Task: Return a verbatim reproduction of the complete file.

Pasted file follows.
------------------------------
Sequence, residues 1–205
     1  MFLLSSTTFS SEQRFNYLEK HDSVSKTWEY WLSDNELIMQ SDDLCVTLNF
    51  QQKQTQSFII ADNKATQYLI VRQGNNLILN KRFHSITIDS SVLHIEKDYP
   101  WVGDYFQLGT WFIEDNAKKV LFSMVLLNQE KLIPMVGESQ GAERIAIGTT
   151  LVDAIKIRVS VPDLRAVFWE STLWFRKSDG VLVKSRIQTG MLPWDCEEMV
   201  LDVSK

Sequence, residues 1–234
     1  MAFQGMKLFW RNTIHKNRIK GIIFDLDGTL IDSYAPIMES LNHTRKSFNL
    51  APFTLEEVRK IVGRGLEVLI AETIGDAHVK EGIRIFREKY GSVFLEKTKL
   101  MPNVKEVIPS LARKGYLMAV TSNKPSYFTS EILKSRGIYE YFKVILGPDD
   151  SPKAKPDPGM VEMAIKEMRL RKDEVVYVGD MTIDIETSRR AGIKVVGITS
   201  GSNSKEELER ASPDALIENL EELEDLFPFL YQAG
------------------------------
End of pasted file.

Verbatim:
Sequence, residues 1–205
     1  MFLLSSTTFS SEQRFNYLEK HDSVSKTWEY WLSDNELIMQ SDDLCVTLNF
    51  QQKQTQSFII ADNKATQYLI VRQGNNLILN KRFHSITIDS SVLHIEKDYP
   101  WVGDYFQLGT WFIEDNAKKV LFSMVLLNQE KLIPMVGESQ GAERIAIGTT
   151  LVDAIKIRVS VPDLRAVFWE STLWFRKSDG VLVKSRIQTG MLPWDCEEMV
   201  LDVSK

Sequence, residues 1–234
     1  MAFQGMKLFW RNTIHKNRIK GIIFDLDGTL IDSYAPIMES LNHTRKSFNL
    51  APFTLEEVRK IVGRGLEVLI AETIGDAHVK EGIRIFREKY GSVFLEKTKL
   101  MPNVKEVIPS LARKGYLMAV TSNKPSYFTS EILKSRGIYE YFKVILGPDD
   151  SPKAKPDPGM VEMAIKEMRL RKDEVVYVGD MTIDIETSRR AGIKVVGITS
   201  GSNSKEELER ASPDALIENL EELEDLFPFL YQAG